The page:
Warsaw’s Global Nicotine Forum with wide participation of health experts Concludes Its Activities with Recommendations Promoting Use of Innovative Alternative Tobacco Products

The Global Nicotine Forum, held in Warsaw, Poland last month, concluded its activities with several recommendations for tobacco harm reduction and addressing the risks of traditional smoking. The event was attended by a wide range of experts, including public health professionals, policy analysts, parliamentarians, government officials, academics, researchers, product manufacturers, distributors, and consumer rights groups.

During the forum, Professor Clive Bates, a Tobacco Industry Policy Expert said, “We must deal more seriously with combatting smoking using all possible means to help people quit smoking, by using e-cigarettes, nicotine pouches, heated tobacco products, chewing tobacco, and other innovative alternatives to traditional cigarettes.”

For his part, Dr. Colin Mendelsohn, Founding Chairman of the Australian Tobacco Harm Reduction Association Charity, added that it is necessary to promote access to harm-reduction products in all markets and reduce legal and tax restrictions imposed in order to help reduce traditional smoking rates and the resulting significant health damage.

Dr. Garrett McGovern, Medical Director at the Priority Medical Clinic in Dublin, Ireland, pointed out that policies that hinder efforts to help people quit smoking through innovative alternative products need to be changed.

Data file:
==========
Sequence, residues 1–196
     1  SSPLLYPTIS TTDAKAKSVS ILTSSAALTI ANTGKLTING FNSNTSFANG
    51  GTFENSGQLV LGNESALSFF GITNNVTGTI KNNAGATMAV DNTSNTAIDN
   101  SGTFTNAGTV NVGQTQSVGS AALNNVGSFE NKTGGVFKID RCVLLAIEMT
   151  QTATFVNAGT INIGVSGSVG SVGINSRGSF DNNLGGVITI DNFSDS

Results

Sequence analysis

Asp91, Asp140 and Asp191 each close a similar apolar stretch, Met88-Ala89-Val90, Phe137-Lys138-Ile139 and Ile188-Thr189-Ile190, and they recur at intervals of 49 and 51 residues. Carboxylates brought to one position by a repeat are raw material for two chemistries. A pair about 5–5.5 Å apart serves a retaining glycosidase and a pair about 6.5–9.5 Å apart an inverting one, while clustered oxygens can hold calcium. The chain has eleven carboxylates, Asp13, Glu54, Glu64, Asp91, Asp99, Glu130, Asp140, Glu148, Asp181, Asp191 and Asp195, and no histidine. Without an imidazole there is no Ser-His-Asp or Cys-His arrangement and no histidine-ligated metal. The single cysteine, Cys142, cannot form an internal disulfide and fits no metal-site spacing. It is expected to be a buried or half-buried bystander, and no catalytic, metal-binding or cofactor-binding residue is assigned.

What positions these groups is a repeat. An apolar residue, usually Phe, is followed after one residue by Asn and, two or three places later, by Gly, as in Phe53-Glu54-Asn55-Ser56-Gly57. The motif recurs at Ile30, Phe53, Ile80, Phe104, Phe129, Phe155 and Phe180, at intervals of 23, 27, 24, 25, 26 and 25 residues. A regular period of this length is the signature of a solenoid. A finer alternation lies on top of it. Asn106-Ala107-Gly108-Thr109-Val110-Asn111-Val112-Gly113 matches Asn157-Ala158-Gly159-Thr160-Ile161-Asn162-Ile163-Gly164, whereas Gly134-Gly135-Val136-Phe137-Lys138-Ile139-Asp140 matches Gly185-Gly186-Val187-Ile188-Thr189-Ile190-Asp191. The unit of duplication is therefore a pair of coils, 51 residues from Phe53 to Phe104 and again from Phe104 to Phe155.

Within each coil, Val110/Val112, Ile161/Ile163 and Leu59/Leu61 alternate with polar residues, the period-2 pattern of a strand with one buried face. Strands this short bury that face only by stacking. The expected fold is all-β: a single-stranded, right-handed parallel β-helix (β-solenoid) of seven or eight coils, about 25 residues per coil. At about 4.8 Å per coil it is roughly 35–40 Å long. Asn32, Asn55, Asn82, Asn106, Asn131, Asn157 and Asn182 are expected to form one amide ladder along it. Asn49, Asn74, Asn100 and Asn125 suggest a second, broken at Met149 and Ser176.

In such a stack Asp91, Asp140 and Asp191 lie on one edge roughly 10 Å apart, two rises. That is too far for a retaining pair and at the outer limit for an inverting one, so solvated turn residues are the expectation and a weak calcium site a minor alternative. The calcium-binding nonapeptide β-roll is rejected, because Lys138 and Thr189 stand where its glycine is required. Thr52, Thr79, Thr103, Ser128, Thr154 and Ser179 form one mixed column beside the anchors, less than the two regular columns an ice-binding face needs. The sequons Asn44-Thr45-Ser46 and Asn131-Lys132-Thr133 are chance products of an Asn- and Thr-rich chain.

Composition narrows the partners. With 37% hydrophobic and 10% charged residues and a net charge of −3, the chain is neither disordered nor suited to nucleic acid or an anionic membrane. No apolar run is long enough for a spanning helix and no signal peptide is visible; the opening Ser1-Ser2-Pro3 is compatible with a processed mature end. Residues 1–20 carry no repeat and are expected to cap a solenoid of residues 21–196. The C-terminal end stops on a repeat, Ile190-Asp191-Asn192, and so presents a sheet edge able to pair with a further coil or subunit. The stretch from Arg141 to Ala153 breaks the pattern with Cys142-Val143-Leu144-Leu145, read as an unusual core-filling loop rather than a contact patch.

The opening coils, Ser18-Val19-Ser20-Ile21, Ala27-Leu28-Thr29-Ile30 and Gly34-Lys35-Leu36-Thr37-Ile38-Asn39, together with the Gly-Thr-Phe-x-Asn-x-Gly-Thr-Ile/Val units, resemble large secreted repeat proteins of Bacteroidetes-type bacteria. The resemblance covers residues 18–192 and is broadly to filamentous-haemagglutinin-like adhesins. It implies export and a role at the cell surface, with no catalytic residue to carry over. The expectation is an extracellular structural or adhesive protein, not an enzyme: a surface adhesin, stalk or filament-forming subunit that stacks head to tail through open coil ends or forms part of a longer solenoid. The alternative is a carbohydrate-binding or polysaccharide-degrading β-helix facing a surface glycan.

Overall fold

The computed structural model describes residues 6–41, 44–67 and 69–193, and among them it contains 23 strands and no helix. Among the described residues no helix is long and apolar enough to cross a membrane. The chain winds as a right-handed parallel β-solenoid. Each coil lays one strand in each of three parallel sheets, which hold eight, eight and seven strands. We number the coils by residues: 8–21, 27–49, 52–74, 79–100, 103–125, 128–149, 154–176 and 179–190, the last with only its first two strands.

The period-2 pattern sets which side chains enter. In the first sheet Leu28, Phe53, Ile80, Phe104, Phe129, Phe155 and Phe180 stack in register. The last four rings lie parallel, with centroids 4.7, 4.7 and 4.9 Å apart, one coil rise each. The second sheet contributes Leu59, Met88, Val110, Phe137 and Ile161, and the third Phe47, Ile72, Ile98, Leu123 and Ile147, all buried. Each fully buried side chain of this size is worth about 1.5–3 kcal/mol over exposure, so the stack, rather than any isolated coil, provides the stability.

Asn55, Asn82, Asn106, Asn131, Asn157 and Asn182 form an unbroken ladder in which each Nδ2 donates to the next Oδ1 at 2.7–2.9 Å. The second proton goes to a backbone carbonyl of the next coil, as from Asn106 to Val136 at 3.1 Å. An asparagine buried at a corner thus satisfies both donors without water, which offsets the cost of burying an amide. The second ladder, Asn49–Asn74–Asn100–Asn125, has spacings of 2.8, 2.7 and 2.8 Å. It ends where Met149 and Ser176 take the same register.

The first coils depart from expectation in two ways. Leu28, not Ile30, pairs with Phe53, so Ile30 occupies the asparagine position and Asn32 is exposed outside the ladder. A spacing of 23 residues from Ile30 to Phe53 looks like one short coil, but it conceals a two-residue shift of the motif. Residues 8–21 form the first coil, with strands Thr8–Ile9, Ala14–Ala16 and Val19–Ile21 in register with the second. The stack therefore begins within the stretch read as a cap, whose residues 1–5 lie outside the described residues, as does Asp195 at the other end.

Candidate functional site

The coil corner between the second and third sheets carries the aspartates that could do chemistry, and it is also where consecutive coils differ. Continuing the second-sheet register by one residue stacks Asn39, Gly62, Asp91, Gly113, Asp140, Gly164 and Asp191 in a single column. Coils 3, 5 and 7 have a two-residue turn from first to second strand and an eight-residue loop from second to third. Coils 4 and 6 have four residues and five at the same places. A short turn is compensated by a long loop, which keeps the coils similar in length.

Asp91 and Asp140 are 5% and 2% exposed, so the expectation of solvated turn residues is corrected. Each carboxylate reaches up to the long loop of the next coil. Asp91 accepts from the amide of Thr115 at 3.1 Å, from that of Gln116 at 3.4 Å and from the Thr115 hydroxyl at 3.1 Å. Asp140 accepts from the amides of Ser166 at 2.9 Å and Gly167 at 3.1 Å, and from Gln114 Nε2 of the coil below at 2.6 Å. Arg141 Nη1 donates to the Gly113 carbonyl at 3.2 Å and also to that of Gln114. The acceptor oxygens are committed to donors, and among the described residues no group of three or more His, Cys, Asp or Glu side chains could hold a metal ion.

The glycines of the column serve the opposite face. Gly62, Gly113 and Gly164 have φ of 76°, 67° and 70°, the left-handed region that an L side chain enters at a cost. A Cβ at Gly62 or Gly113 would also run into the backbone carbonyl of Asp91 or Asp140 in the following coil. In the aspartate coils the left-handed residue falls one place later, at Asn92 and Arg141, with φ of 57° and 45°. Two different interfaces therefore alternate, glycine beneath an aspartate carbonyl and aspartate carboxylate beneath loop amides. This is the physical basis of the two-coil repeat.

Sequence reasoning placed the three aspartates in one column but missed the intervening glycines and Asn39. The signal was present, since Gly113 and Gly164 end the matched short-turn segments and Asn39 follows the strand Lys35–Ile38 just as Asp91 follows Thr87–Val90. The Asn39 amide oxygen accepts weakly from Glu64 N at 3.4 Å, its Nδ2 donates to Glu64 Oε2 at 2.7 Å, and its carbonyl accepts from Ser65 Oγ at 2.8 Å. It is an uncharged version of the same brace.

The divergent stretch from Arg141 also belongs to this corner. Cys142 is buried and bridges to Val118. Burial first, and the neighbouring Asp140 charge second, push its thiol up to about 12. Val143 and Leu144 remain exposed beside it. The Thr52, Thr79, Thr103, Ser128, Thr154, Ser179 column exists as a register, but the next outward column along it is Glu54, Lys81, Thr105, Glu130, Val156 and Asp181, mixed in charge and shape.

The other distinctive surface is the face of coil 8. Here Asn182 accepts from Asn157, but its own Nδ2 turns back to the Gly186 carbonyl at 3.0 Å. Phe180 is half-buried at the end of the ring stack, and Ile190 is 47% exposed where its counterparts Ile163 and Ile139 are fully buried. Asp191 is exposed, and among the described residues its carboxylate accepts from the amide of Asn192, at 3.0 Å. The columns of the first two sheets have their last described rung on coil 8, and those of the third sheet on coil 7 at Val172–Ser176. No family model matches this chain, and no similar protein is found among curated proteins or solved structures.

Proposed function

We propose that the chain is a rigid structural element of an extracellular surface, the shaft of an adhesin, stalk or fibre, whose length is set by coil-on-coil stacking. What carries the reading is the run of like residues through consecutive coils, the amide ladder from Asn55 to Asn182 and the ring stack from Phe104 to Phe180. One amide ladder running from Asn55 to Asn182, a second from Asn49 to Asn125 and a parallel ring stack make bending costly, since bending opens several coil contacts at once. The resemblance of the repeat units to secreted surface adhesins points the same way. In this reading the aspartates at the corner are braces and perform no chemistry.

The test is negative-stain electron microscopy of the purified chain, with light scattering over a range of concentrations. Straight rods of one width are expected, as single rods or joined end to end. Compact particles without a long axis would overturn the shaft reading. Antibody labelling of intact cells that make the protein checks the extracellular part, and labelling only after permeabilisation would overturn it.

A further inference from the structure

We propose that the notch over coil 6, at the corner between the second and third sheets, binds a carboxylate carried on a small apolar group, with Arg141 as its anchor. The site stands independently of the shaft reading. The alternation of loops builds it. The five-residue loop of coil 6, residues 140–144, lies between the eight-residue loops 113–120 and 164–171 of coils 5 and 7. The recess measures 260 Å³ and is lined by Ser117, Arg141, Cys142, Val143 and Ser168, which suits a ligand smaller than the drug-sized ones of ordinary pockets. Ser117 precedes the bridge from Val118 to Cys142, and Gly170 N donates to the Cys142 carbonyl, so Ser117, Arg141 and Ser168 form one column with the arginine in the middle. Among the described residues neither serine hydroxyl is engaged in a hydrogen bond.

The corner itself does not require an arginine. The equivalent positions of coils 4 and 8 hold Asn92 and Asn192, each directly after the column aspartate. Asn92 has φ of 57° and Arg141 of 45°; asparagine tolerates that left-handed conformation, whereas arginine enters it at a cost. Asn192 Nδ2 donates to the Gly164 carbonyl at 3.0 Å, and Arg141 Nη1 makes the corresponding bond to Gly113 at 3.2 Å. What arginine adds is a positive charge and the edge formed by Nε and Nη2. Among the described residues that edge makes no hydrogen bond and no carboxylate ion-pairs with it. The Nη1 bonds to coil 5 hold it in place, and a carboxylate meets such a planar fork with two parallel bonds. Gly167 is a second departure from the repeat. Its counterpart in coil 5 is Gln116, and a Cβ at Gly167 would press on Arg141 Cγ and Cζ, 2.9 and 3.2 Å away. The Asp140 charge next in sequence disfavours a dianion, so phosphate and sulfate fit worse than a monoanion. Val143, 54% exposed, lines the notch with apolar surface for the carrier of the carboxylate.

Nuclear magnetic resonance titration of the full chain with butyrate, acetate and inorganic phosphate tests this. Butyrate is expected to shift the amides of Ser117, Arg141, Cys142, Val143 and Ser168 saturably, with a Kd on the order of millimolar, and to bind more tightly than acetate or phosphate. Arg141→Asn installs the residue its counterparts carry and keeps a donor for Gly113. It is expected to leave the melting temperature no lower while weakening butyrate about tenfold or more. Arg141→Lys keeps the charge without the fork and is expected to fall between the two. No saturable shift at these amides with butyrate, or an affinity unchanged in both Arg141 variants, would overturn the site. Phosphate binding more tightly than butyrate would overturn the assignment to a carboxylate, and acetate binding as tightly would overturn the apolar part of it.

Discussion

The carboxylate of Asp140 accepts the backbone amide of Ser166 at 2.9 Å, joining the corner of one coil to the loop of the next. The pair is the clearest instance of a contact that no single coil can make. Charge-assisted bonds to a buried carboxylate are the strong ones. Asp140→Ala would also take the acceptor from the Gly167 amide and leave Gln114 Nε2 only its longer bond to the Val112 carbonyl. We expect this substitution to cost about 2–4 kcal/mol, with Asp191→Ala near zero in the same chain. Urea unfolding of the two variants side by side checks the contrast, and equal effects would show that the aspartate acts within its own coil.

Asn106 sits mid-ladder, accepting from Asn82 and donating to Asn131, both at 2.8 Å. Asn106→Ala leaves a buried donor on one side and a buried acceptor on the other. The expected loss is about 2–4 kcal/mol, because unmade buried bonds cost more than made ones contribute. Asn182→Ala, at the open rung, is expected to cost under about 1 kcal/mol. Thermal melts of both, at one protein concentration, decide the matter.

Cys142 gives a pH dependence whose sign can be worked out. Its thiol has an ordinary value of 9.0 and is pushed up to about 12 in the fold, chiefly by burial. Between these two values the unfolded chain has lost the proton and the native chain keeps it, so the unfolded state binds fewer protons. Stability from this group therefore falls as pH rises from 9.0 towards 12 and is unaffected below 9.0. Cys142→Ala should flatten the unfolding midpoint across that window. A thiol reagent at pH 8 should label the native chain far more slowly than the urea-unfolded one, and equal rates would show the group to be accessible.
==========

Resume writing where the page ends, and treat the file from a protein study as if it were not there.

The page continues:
During the conference, a number of participants highlighted the experience of Sweden, where smokers have switched to using chewing tobacco, resulting in a decrease of smoking rates three times less than in other EU countries. They also pointed to New Zealand and Japan, where smoking rates have fallen by half and a third, respectively, following the widespread use of heated tobacco products, which are among the less harmful alternatives compared to the dangers of traditional smoking.”

It is worth noting that the European Commission aims to reduce the tobacco use rate to less than 5% by 2040, however, smoking rates have fallen by only 6 percent between 2006 and 2020, while some countries, such as Slovenia, have seen an increase in smoking rates.

Scientific research has proven that the diseases caused by traditional smoking are due to the combustion process that occurs during smoking cigarettes, which results in more than 6,000 harmful chemicals. In contrast, innovative products such as heated tobacco can represent a less harmful alternative to traditional smoking, as they rely on tobacco heating technology rather than burning, providing an alternative for those who do not wish to quit smoking, while stressing that they are not completely risk-free.

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